It may not seem like a big deal, but learning how to efficiently pack your mochilla (backpack)
    without losing stuff and memorizing where you have stashed your stuff is critical. The mind gets foggy with fatigue and you need to have developed strict packing habits to avoid frustration and confusion.

    Navigating uphill climbs and downhill descents according to conditions: uphill seems more intuitive but requires pacing your cardio/vascular energy. Your knees and ankles are mostly flexed so you use your leg muscles properly automatically.
    The downhill runs are where pilgrims sustain the most injuries to their knees, shins and ankles. It’s crucial to keep your knees flexed and springy, using your upper leg muscles to balance and learning to zig zag, changing your pattern often to avoid fatigue, with concentration on each footfall. When slippery after rain, the downhills can be treacherous, so creeping down with utmost caution can be taxing for both body and mind.

    Drinking water in proper quantities turns out to
    be a matter of personal style:

    The Camel: I spoke to a German pilgrim whose method was to drink a half liter of water just before setting off, drinking no water at all during his hiking, and filling up on a full liter at the end of the day.

    The Sipper: Using an internal water bladder in the pack, you can sip water as you walk through a tube attached to your shoulder strap, thereby constantly hydrating as you go.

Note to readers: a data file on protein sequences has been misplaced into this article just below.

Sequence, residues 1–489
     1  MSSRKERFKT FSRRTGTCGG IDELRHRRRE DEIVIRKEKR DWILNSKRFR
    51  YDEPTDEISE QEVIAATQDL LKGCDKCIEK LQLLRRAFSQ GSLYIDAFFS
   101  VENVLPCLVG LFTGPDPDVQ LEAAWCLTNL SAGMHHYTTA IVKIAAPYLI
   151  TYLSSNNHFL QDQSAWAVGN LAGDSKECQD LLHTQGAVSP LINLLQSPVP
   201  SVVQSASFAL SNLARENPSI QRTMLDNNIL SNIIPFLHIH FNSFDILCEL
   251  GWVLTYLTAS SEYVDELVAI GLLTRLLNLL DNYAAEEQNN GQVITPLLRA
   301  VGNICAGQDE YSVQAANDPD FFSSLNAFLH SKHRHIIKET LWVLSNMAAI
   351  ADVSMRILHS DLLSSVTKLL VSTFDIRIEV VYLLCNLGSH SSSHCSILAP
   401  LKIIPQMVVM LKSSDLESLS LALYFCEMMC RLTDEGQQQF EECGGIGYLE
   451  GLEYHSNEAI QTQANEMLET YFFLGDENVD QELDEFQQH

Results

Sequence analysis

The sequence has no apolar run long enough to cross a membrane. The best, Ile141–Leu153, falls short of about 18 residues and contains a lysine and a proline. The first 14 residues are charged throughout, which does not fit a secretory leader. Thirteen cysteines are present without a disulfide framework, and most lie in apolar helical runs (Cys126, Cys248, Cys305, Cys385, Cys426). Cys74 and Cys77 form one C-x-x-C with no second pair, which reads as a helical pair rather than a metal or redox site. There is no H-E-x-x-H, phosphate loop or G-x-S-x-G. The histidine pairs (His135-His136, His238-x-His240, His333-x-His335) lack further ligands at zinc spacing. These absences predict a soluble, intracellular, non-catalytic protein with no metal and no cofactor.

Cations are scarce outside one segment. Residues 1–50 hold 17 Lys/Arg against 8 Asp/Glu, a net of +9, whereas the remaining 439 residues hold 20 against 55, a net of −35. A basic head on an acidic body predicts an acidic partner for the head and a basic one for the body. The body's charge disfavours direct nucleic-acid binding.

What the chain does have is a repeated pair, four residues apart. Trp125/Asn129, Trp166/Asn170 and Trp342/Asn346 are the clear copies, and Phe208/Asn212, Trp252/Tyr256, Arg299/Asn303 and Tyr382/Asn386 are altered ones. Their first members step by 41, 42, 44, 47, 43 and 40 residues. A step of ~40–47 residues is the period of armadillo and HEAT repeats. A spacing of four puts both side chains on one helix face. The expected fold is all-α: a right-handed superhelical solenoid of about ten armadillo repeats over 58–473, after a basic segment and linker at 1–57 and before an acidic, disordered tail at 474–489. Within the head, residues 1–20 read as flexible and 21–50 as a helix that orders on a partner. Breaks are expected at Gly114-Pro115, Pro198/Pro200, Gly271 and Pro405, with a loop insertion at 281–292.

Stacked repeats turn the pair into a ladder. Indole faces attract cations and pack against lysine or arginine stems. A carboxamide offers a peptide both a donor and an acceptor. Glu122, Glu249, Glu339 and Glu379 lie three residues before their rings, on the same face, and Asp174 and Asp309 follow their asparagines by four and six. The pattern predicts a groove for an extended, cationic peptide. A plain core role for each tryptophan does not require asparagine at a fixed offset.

I’m now opting for the Camel method modified by occasional water breaks. I left my water bladder behind as it was too heavy and made the water taste bad.

    Learning to turn off the world at will to get your rest: wherever you make your nest, whether on an albergue bed or on a park green in the shade, it’s important to tune out your surroundings with ear plugs and eye coverings to withdraw the senses and restore. It is the height of rudeness to disturb pilgrims who are resting mid-afternoon in the dorms...they are recuperating from their strenuous efforts that day.

    Learning your limits:
    I like to walk between 15-25 km (9-15 miles) per day depending on the elevations of the terrain.
    Some pilgrims clock in 30-40km a day, with mileage on the body varying widely. By now, most blisters are becoming calluses for these pilgrims but they are often wearing knee braces, I notice.

    Some send their packs ahead everyday and walk short distances. I carry my pack everyday (7-8 kilos) which limits my distance as I have decided to try to stop walking by 3-4 pm, so I have time to take care of laundry, shower, and bed setup.That is 4/5 hours per day of walking. This allows me time to slow down, take in my surroundings, enter a church here and there, and change my socks at least once during a break. No blisters for me so far and I still have all my toenails! Grateful for favorable conditions.